Do you consent or dissent to this call?
P.S. Yes I do realise this is some years late.
Apparently Bulgarians have extra-sensory powers including but not limited to predicting lottery numbers. You want that to huh?
Step number 1: Be relaxed.
Step number 2: Breathing.
The secret is to breath in for 2 seconds, hold your breath for 4 and breath out for 2 seconds. This timing will fit your breathing pattern into specific Baroque music, with 60 beats per minute (BPM). Make or buy a recording where the stuff to be learnt is spoken for 4 seconds, and listen to it so that your breathing stops for those 4 seconds.
The authors are certain of themselves, and the only reason the secret hasn’t caught on is the fumbling of the Canadian government. Applying it wrongly & damaging trust, the Canadians have screwed it up for everyone. By this day, decades after publication, all blind people should be able to see, telepathy should have made Skype useless and, most importantly, we’d all be much more relaxed.
Ueghhk… I did not like this book very much at all. A positive is the relatively low word count which allows a quicker read. Redeemed only because now other books nigh overwhelm me with sensuality and emotion. If you want to take this book seriously I recommend two courses; treat it as arbitrarily restricted artwork, or, as a narrative woven from the inconsistency of a schizophrenic, depressed homeless man with a kid.
So art often imposes contingent and frankly ridiculous restrictions to produce unique creations. The Road applies that method by using almost no punctuation at all. Conversations are not shown by quotation marks, which which fogs the train of thought, although conversations generally occur only to curb enthusiasm. Next limitation is the paragraphs, which often split apart what would otherwise be continuous. Explicable as art not literature, figuratively speaking this fracturing of paragraphs are climbing a cocoanut tree, there are no major branches it is simply the trunk. If you are not pleased by comparative literature, seeking to understand this as an artwork relative to other artworks will be a displeasure.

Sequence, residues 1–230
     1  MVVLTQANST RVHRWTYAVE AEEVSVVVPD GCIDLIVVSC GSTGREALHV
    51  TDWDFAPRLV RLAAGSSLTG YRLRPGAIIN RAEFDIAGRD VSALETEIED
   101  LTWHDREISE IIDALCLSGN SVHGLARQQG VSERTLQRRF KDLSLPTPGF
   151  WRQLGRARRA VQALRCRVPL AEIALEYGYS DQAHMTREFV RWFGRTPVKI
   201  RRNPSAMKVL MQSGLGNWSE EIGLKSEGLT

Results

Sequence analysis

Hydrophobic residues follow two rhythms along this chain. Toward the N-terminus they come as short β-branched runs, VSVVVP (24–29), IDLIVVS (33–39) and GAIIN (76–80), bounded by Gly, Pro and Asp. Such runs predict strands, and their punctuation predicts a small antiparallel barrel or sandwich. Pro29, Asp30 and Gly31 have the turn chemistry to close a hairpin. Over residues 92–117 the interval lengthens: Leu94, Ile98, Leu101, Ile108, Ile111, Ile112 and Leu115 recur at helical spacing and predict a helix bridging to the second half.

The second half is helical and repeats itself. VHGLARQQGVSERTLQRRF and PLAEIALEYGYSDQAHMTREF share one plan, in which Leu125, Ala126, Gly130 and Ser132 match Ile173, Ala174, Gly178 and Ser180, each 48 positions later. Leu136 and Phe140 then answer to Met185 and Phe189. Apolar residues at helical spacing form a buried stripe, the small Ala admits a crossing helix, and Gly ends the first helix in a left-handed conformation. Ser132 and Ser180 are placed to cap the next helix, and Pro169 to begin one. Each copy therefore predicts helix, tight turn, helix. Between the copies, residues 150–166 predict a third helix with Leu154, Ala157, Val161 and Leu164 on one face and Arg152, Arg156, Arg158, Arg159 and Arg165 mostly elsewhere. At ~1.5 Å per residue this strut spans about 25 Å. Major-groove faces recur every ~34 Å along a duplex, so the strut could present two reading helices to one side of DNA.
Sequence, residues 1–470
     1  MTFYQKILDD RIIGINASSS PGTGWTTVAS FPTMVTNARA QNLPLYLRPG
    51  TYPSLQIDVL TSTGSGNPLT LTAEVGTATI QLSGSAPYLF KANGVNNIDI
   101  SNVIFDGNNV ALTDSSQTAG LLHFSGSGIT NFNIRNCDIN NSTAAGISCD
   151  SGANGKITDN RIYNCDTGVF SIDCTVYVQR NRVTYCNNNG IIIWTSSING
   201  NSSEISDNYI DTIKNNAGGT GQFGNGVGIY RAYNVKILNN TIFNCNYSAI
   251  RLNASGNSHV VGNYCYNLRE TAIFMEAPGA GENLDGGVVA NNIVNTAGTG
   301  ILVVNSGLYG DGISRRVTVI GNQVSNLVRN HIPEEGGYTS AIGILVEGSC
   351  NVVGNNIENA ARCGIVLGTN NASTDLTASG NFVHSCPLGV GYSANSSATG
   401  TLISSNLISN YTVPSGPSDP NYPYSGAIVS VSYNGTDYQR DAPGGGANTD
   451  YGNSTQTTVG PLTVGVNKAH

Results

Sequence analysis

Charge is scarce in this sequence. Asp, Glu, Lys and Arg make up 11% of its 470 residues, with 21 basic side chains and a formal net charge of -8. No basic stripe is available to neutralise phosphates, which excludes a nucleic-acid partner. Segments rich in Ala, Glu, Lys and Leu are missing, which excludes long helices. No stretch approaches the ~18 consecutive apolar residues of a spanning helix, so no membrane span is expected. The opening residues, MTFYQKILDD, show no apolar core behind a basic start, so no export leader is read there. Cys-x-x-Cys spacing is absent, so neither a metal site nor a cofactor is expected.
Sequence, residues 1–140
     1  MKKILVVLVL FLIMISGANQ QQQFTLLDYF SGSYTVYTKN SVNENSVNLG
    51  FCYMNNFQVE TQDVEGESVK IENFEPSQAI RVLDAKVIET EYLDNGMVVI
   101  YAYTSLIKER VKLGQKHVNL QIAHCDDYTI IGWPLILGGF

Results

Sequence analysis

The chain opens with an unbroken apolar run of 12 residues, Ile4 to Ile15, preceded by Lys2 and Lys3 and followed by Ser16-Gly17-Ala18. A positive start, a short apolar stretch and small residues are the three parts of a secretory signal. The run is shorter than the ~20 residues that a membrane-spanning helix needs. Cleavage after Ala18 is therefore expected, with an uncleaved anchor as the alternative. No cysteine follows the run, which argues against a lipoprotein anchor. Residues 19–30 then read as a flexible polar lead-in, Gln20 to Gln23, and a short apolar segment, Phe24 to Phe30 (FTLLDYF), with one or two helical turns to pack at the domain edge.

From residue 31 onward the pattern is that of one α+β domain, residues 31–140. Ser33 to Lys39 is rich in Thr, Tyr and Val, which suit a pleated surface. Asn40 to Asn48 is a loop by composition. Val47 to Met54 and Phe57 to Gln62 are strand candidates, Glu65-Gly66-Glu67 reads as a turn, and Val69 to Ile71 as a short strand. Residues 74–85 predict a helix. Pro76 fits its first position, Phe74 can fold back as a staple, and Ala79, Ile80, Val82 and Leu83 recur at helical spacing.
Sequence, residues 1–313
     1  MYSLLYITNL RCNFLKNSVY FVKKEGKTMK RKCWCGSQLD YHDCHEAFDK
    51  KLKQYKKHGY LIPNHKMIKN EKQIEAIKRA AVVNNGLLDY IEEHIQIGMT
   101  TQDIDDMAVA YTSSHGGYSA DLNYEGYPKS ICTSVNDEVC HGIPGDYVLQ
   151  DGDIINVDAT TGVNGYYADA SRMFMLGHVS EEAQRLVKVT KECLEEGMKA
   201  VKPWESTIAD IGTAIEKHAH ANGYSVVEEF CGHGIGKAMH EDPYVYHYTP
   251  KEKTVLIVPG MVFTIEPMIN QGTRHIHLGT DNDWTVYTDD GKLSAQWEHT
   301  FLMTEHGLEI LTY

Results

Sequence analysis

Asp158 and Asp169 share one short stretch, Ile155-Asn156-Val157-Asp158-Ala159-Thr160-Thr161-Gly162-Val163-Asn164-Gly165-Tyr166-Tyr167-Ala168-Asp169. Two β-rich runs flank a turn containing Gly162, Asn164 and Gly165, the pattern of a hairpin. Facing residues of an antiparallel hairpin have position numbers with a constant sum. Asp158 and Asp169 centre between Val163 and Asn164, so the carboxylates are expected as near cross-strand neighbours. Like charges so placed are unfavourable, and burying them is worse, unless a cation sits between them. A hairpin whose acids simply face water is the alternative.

Duchamp tried to push his persona beyond the art world, and succeeded. I have heard more talk about his pisspot than about surrealism or photorealism or even romanticism. So perhaps McCarthy is trying to create a novel with reach beyond domain of literature, incorporating the system which heaps accolades upon his labours as an easy target for ridicule for those interested in simpler books or illiterate. Maybe, but I repeat, if you do not enjoy comparing literature, seeking to understand this as an artwork relative to other artworks will be a displeasure.
The second is obvious. The only bloom in these pages is fire, although this may be indicative of pyromania instead of depression. Read about Rome and surely a description of a laurel wreath will cross the page, I assume Herman Melville wrote briefly about a frangipani lei, flowers are found in Tolstoi’s works. I challenge a reader to find a single page where McCarthy’s characters whistle a little song, tell a terrible joke or anything derived from the passions (excluding of course; despair, dismay, disappointment, deviance, denial, denigration & so on, so forth). I believe Mr. Victor Frankl, a sense of purpose and humour are vital to our continued existence. The man in ‘The Road’ actively discourages his child from any dream of a better tomorrow. Page 160, sigh…
So McCarthy has built an elaborate metaphor for a depressive-type personality? A person who drags them self through day after day without purpose or humour and refusing to allow such concepts into the mind of the child in his care. What happens when a homeless man loses his trolley and all his possessions? Read this book if you would know. How does it feel to meet people who are born to die? Isn’t it a little nicer to consider the inevitability of death as ‘pretty girls make graves’ instead of, that baby in your womb is going to die as surely as if your husband were to decapitate and spit-roast it over an open fire? The ending would be more consistent with this interpretation and the overall tone of the book if the boy became a Mowgli bereft of animal tutors.
The book is tedious. No flight of fancy, no deeper purpose, not gonna get much of an experience from reading, if you share ineffable reader attributes with me. I appreciate it in the same way eating plain porridge for brekky can give one a great sense of just how smeggin’ good bacon & eggs can be.